U.S. flag

An official website of the United States government, Department of Justice.

NCJRS Virtual Library

The Virtual Library houses over 235,000 criminal justice resources, including all known OJP works.
Click here to search the NCJRS Virtual Library

Multinational Crime: Terrorism, Espionage, Drug and Arms Trafficking

NCJ Number
J M Martin; A T Romano
Date Published
173 pages
This book examines the nature and patterns of "multinational systemic crime," which is crime by various kinds of organizations that operate across national boundaries and in two or more countries simultaneously.
This concept is a collective term that refers to a variety of criminal behavior systems, of which four are considered in this book: terrorism, espionage, drug-trafficking, and arms- trafficking. The authors first relate multinational systemic crime to the other major forms of crime studied by criminology and criminal justice. Two chapters then describe the four types of multinational crime that are the focus of the study and comment on the place criminology and criminal justice occupy in the literature about these types of crime. Another chapter comments on three observations that are significant in the study of multinational crime: the apparent frequent interrelationship of such crimes on the international scene; the role of values, interests, and power in the study of such crimes and in policy formulations to control them; and the special role likely to be played by "national security" interests in limiting access to data needed for the study of some forms of multinational crime. One chapter identifies several problems in theory construction and policy development with respect to multinational systemic crime; also specified are some conceptual and methodological principles from the study of criminal organizations, from interactionist theory, and from conflict theory that appear useful for the study of such crime. The concluding chapter describes three global regions that are significant for understanding much multinational systemic crime: the Golden Triangle of Southeast Asia; the Andean region of Colombia, Bolivia, and Peru; and the Middle East. 189 references and author and subject indexes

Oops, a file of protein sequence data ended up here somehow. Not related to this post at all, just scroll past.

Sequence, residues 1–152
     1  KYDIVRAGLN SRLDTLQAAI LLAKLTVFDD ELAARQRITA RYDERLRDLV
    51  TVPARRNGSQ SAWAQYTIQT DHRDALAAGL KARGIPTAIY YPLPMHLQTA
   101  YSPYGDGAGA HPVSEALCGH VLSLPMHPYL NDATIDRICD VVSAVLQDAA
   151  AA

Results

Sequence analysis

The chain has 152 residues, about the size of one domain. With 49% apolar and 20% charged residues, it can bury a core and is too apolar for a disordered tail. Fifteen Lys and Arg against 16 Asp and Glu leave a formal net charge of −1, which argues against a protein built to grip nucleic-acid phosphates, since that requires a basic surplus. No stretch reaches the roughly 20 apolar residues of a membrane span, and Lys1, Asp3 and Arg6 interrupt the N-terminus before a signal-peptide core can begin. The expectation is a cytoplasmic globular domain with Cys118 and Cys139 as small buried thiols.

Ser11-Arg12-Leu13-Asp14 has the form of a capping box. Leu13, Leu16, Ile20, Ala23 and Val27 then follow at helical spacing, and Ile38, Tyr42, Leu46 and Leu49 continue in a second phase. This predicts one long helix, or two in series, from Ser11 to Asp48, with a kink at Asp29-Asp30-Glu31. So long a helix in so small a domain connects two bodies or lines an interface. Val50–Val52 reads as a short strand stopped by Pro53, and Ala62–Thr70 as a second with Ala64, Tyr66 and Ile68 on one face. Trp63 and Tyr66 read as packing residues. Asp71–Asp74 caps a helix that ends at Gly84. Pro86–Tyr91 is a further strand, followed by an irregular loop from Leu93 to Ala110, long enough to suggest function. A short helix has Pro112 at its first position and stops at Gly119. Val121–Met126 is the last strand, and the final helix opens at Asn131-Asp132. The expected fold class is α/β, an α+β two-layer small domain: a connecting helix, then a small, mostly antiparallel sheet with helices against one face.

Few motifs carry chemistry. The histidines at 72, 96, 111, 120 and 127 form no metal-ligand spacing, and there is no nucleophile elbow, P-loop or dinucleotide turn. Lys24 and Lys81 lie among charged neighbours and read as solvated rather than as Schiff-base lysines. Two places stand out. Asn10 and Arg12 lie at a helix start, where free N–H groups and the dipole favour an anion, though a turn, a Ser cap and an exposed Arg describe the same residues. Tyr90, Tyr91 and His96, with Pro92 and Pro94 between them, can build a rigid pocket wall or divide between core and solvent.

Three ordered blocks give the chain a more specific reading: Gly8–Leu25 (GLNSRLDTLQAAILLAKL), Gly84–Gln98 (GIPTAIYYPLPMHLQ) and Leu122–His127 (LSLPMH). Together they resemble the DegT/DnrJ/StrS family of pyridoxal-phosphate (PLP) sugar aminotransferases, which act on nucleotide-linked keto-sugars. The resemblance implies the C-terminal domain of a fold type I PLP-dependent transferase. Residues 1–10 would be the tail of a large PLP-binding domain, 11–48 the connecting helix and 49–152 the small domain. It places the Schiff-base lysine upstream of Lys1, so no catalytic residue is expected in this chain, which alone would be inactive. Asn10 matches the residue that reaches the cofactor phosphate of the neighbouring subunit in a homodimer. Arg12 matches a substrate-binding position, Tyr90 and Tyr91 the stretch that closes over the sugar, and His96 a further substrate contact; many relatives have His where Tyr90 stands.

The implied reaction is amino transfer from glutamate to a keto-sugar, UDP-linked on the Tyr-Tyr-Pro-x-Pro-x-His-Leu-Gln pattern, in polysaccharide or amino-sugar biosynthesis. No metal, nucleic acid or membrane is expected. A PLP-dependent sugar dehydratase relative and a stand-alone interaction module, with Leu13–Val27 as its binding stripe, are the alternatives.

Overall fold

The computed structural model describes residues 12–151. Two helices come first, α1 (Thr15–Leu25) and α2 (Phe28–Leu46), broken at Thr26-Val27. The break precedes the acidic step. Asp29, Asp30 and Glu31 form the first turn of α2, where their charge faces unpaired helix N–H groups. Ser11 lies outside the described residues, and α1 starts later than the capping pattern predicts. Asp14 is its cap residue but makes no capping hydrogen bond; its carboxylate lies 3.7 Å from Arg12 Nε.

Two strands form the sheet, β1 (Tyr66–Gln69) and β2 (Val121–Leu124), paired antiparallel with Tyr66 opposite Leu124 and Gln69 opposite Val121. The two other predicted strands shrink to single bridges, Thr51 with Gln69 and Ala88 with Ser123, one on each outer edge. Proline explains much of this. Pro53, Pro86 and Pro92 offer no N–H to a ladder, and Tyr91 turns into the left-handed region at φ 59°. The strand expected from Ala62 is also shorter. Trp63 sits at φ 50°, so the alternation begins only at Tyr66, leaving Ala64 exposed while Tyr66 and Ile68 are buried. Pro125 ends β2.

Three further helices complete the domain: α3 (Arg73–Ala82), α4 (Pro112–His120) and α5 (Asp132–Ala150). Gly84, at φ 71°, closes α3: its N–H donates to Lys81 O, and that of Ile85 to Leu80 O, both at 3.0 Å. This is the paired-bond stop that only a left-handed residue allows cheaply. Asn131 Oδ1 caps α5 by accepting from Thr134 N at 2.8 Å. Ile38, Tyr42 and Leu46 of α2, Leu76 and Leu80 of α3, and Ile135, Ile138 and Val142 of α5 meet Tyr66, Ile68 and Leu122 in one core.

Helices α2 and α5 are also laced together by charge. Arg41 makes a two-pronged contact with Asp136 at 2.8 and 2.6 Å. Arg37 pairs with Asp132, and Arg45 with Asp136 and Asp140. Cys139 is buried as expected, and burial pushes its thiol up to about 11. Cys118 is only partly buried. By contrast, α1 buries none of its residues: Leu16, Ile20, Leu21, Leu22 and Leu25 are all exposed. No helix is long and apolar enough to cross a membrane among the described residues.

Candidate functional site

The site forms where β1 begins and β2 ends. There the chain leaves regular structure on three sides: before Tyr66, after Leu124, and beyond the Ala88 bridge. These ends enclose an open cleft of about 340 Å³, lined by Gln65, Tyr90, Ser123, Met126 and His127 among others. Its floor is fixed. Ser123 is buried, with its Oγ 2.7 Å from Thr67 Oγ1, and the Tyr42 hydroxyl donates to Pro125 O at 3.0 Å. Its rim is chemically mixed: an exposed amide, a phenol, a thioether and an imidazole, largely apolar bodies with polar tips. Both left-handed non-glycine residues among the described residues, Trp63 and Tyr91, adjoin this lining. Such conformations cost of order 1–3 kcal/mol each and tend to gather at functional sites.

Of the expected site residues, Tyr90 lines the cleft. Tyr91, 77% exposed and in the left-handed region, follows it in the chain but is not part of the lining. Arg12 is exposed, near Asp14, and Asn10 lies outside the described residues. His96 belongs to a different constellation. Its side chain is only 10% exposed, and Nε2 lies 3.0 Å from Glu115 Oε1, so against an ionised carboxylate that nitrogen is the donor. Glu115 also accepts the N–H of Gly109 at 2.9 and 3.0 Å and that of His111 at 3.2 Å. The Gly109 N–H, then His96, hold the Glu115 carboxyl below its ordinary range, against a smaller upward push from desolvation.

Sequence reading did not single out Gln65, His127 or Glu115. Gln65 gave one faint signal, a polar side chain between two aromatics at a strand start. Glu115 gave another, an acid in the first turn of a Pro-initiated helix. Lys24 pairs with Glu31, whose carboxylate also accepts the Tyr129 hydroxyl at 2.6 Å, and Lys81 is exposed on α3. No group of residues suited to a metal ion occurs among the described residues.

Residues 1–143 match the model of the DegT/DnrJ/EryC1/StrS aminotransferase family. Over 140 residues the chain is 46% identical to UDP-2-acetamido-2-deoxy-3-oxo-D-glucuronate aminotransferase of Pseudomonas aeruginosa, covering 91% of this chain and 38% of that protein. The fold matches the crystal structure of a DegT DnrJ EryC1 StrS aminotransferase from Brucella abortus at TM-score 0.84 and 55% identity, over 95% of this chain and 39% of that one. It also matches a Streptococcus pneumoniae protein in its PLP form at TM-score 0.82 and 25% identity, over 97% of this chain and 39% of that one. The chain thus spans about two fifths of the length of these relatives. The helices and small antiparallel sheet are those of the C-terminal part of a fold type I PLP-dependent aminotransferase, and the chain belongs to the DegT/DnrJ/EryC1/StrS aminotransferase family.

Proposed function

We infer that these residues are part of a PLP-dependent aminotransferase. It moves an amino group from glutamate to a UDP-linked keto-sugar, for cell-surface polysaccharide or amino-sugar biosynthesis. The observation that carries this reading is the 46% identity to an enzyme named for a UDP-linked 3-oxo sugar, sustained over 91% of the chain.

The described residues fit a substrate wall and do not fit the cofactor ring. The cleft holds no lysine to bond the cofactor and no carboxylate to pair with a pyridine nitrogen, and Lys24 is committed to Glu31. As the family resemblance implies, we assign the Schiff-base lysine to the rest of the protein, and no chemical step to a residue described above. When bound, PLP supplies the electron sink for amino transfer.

No download available